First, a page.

Comedians embrace onomatopoeia; hilarity

By Andy Williams

T he only taboo is hack,” says Jeff Kubik, one of the founders of a new local comedy initiative for the “alternative mind,” Kaboom… Hooray!

Kubik, along with fellow comedian Alan Cho, have a very specific idea of what they aim to accomplish with their new project.

“When people hear comedy, they see it with this broad lens,” says Cho. “There’s this idea that comedy is comedy, but comedy is just like music — there’s different genres, there’s different styles. Even within standup itself, there’s so much range and I think people forget that. For us, we wanted something that was a little more weird, a little more hipper — much more hipper, please quote me exactly.”

With one successful event down, the two former Gauntlet contributors are currently basking in their glory.

“It’s a very high bar we’ve set for ourselves,” says Cho. “We’ve sold out, turned away people and the audience response was fantastic. It felt very special, very charged. There was a very special energy that night. And because we believe in things like that energy, we’re very happy with that.”

“Our main goal is to replicate the success of the first night,” adds Jeff Kubik. “We’re doing it as a monthly room obviously, so it’s great to have a good one-off show.”

The events are specifically targeted and the style of the show is something the founders, who have both worked in the Calgary comic scene, are very focused on.

The two aim to cultivate a niche and a community around their events. Though it’s impossible for them to explicitly predict what material comedians will bring each month, they are structuring the evenings around a comedic aesthetic that has become more and more popular.

“Our comedy heroes are people like Louis C.K. and Patton Oswalt and Eugene Mirman,” says Cho. “Those are the kind of people we look up to. Canadian comedy doesn’t have to be in the narrow band that people have placed it in because they see things like Ron James’s stuff. We just want to say, ‘There’s something different, there’s something weirder, there’s something that can maybe scare the shit outta you, but you’re going to laugh.’ “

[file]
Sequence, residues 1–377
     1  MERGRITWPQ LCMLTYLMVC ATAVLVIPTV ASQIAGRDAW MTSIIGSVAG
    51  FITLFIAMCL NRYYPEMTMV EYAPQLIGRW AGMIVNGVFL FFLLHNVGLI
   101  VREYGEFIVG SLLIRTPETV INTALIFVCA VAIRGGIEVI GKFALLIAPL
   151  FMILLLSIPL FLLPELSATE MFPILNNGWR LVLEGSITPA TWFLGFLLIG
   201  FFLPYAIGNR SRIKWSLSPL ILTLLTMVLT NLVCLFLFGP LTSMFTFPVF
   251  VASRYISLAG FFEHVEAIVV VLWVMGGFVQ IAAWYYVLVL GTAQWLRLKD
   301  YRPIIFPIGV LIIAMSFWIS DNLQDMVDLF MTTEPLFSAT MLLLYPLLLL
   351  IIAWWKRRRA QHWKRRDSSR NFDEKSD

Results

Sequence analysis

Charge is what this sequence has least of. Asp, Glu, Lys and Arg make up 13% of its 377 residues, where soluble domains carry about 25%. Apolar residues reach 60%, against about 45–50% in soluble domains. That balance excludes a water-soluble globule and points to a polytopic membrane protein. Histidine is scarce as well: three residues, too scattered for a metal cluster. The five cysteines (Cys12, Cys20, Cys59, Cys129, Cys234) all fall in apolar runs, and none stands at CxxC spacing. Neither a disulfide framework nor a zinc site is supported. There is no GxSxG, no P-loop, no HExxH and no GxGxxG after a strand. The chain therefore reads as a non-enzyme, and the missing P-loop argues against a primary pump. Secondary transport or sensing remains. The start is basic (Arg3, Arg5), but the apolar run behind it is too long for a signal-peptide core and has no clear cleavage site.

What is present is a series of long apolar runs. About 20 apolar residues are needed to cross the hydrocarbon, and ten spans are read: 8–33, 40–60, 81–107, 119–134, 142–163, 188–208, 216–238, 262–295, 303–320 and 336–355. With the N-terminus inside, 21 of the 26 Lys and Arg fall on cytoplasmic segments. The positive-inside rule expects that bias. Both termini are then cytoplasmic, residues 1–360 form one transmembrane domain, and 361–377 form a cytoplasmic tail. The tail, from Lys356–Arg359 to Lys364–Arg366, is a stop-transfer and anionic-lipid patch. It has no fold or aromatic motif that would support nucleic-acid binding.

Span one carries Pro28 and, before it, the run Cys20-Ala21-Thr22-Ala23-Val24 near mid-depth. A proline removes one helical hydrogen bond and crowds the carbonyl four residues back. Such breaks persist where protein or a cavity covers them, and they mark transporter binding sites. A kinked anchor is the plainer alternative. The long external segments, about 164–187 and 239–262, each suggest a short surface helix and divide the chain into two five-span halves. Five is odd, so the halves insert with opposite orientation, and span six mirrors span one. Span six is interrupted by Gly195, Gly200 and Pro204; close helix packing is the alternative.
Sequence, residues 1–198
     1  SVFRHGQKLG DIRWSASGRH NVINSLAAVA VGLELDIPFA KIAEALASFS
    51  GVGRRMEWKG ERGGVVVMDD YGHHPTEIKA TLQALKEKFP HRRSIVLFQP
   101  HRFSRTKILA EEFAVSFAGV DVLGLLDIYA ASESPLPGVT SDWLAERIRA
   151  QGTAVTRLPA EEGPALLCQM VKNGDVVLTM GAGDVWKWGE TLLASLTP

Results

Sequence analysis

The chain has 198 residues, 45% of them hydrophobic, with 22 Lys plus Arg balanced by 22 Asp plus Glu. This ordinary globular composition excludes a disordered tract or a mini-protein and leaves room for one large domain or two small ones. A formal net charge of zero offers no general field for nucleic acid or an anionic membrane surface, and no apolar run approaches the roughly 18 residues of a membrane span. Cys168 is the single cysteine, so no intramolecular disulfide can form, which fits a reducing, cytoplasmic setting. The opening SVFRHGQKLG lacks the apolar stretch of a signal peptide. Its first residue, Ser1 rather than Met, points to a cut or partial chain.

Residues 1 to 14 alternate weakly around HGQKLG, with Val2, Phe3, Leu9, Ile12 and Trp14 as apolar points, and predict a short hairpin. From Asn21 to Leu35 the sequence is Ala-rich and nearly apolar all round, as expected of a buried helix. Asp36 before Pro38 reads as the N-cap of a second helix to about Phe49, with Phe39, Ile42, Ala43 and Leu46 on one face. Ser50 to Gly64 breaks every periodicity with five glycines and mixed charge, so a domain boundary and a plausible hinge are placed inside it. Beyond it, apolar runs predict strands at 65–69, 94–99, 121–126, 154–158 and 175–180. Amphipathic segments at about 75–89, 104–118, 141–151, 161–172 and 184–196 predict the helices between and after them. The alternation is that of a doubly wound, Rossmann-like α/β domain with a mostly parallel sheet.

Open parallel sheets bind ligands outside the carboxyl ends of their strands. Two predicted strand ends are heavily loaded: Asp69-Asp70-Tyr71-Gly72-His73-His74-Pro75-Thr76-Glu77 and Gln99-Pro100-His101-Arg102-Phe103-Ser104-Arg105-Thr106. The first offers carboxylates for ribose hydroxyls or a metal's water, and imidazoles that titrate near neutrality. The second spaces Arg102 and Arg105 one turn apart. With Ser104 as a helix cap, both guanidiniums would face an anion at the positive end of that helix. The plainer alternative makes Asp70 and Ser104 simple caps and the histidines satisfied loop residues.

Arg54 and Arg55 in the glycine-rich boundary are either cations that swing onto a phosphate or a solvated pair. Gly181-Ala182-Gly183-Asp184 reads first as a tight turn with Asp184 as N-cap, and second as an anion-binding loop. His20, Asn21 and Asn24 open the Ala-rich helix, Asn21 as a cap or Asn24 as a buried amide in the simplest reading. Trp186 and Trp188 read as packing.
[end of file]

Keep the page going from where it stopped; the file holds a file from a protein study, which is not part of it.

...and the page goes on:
In the past, the two have tackled everything from bear rape to sexing up Spiderman.

“Al and I are both big fans of dark humour and darkness can be a really hit-and-miss thing on stage,” says Kubik. “Another thing that we try to convey when we talk about alternative comedy is that we are also courting a certain audience that might not be otherwise getting out to a comedy club. We’re hoping they are into the all the same stuff we’re into — stuff that’s designed to have a couple levels.”

Though the two have structured the event around what they want, they also have clear ideas about what they don’t want.

“There’s one kind of joke that I won’t truck with and it’s Chinese driver jokes,” states Kubik. “It’s big a discussion in comedy because that stuff can get laughs, but we want to get more than just laughs, we want to get recognition, you know, ‘Oh, that was very smart.’ “

It’s a sentiment that Cho shares.

“The problem with something like that is: who’s the victim of the joke?” asks Cho. “For our comedic sensibilities and the sensibilities of the room, we want to be the victims of the joke or explore who the victim of the joke is, rather than laughing at someone for being gay or being a Chinese driver.”

Cho and Kubik felt that to avoid this kind of humour, it was best to curate their own event.

“We want to be less craven about it,” explains Cho. “We don’t want to push those buttons. Especially in clubs, a homophobic joke is an easy go to. You know that a drunk audience at 10:30 at night is going to laugh at the word ‘faggot.’ That’s just not funny to us. It’s cheap, it’s easy and it’s disrespectful.”

That said, Cho and Kubik stray away from hard and fast rules about what material their shows will or will not cover.

“There is no subject that we don’t expect to explore and we do laugh at some off-base, crude things,” says Kubik.

The nights are bookended by Cho and Kubik. There are also a wide range of sketches and skits and other stand-up comedians from around Calgary and the shows vary greatly in material. There is one rule the two do stress though.

“We just ask that you own it,” says Cho. “We own it — we will stand by the joke, we’ll accept the consequences. I feel people will tell a sexist or misogynistic joke and be like, ‘Hey, I didn’t mean . . . .’ We, don’t believe that. Jeff and I talk about how, when we tell a joke, we want some blood on it. We have ownership, we stand by it, it’s our joke, it’s us.”

Kubik, promises though, that the concessions are now “99 per cent blood free.”

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